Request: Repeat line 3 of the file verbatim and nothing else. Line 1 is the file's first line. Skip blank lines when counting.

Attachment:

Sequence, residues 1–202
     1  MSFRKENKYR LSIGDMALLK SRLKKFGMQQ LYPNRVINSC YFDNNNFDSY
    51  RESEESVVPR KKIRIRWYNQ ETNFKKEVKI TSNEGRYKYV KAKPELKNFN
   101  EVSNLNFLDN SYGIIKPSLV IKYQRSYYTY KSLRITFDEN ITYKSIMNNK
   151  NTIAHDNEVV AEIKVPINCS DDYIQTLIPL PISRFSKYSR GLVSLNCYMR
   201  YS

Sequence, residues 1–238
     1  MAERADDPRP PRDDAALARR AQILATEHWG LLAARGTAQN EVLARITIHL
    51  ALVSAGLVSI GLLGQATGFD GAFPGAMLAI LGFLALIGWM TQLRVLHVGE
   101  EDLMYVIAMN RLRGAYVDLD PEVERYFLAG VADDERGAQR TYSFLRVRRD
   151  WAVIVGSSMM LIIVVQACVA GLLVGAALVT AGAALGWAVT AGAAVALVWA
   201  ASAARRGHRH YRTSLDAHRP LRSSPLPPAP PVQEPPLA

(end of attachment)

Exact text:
    51  RESEESVVPR KKIRIRWYNQ ETNFKKEVKI TSNEGRYKYV KAKPELKNFN